At the Tribeca Performing Arts concert, Cincotti and his band will be playing songs from his last few albums, plus some material that the audience wouldn't have heard. He says he may also play some of what he's written for the theater.   


"I want to combine styles of music that really haven't been combined yet," he said of his goals for the immediate future. "I see connections between genres that are so separated nowadays, especially in mainstream music. I want to break through some of that."


- Terese Loeb Kreuzer   


The Tribeca Performing Arts Center is at 199 Chambers St. Peter Cincotti's concert begins at 8 p.m. on Oct. 25. For information and to buy tickets, click here


Bits & Bytes

The New York City Police Museum on Coenties Slip as it looked before the building was flooded by Superstorm Sandy and had to close. (Photo: Terese Loeb Kreuzer)

"The 5 buzziest new food courts in NYC," New York Post, 10/20/14. "Food halls and markets with gourmet, artisan fare are showing up with greater frequency and in more unlikely locations all around the city," says the New York Post - and of course, Hudson Eats at Brookfield Place is on the Post's list. "But the thing we're most excited about is Le District, which opens this winter," the Post continues. "Le District [at Brookfield Place] will be broken up into four mini-sections: a market district (selling French groceries and prepared foods); a garden district (fresh produce and spices); a restaurant district;  and a cafe district that is basically a Parisian child's fantasy and includes a patisserie, candy store, crepes stand, Belgian waffle stand, and ice cream and cookie purveyors. The whole market is being run by Jordi Vallès, who worked under Ferrán Adrià." For the complete article, click here.

"Its Home Still Awaiting Repairs, New York City Police Museum Is Packing Up Once Again," New York Times, 10/22/14. "The New York City Police Museum will start packing again in the coming days: Dutch rattles that 17th-century police officers sounded as alarms, a 1984 blue-and-white Harley-Davidson highway patrol motorcycle, and a bent Emergency Squad cap covered in dust from the rubble of the twin towers," says The New York Times. "A year after floodwaters from Hurricane Sandy crashed through parts of New York and destroyed homes and businesses, including the museum in the old First Precinct police station in Lower Manhattan, the museum moved to Wall Street, into space donated by the Swatch Group. Now that its rent-free year is up, the museum will close - once again - on Saturday. Curators will pack up some 100 artifacts as the museum waits for the city to fix its storm-damaged home. The museum, run privately with city support, has spent the past year looking for another temporary space, said Julie Bose, its executive director. And it will have to keep looking." For the complete article, click here.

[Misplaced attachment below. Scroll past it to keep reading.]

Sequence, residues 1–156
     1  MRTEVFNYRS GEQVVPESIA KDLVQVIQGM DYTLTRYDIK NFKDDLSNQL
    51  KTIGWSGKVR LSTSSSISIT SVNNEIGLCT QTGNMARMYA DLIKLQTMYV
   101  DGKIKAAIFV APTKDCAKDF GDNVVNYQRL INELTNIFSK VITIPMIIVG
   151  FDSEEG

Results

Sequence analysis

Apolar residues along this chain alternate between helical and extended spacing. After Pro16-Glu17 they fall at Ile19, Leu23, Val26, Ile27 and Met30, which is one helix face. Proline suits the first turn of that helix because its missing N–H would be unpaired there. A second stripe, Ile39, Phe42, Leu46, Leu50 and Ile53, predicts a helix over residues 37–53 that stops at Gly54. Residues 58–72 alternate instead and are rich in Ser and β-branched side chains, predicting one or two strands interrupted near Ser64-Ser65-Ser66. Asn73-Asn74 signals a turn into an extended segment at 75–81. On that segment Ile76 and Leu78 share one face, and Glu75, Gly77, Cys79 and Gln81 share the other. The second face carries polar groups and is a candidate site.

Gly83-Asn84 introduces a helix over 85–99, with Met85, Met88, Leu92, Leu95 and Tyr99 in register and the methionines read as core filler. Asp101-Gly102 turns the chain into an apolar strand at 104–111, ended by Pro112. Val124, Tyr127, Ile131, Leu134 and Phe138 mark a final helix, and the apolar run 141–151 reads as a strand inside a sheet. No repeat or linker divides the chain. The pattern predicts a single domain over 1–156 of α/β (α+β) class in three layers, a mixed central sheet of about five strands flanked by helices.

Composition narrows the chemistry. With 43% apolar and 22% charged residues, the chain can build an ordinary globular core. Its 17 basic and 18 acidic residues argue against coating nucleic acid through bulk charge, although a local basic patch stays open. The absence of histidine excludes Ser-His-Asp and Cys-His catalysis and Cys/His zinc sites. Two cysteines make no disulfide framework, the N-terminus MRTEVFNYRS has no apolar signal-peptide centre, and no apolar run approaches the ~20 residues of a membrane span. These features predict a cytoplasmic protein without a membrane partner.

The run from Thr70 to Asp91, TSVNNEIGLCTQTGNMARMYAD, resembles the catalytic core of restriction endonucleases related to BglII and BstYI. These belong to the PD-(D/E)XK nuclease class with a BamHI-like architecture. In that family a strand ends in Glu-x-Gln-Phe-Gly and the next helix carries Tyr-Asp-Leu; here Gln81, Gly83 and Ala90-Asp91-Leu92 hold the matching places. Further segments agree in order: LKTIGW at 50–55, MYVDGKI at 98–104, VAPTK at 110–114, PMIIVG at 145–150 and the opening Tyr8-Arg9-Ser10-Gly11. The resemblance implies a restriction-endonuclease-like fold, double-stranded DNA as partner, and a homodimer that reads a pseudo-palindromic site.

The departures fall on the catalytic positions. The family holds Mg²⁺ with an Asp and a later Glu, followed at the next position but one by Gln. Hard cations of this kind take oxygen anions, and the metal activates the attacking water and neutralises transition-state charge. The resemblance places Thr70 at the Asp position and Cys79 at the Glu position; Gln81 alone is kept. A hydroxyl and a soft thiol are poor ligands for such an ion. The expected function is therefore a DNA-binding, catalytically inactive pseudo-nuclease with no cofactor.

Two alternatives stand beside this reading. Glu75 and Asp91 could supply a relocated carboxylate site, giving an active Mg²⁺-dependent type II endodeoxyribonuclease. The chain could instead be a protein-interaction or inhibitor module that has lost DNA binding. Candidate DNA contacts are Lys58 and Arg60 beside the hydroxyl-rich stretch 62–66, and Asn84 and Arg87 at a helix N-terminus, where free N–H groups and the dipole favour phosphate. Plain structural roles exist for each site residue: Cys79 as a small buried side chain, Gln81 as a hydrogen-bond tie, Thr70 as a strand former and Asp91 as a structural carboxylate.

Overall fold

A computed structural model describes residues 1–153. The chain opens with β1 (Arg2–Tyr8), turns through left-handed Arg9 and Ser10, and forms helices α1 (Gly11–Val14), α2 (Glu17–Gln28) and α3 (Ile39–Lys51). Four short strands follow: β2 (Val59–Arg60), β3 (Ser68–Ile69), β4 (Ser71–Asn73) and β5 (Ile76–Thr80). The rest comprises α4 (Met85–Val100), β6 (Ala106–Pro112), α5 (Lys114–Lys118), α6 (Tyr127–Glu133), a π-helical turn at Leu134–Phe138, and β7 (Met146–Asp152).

"FiDi office building 40 Exchange Place expected to fetch $140M," The Real Deal, 10/22/14. "Brooklyn-based, family-run real estate firm Weiss Realty plans to put a 20-story office building at 40-42 Exchange Place in the Financial District on the market next week," says The Real Deal.  "Industry sources told The Real Deal the property is expected to sell for $140 million, based on neighborhood sales. The Weiss family has owned the 250,000-square-foot property - also known as 25-29 William Street - for about 25 years. Eastern Consolidated was hired to market the building as either a conversion into a hotel or residential condominium - or a repositioning of the office component. Lipa Lieberman and Jason Marin of Eastern Consolidated are representing the seller." For the complete article, click here.

"Top 10 pricey New York listings that fizzled," The Real Deal, 10/22/14. "Luxury apartments don't always sell like hotcakes," The Real Deal observes. The reasons are not always obvious. On The Real Deal's "top 10 listings, priced above $15 million, that have been on the market for a year or more, according to StreetEasy data," are three pads in Lower Manhattan. They include Penthouse #58 at 56 Leonard St., asking price: $34.5 million, which has been on the market 582 days and has undergone six price increases during that time, according to StreetEasy; 60 Warren St. with an asking price of $24.5 million for a five-story penthouse. It has been on the market for 1,565 days; and 452 Greenwich St., a four-story Tribeca townhouse with an asking price of $19.5 million. It has been on the market for 579 days. For the complete article, click here.

"Condé Nast Moving Into 1 World Trade Center Next Month," New York Times, 10/23/14. "One World Trade Center will welcome its first tenant, the publisher Condé Nast, on Nov. 1," The New York Times reported, citing the real estate firm in charge of leasing the building. "The publisher will occupy 1.1 million square feet, about a third of the 104-story skyscraper, which is the tallest building in the Western Hemisphere." For the complete article, click here.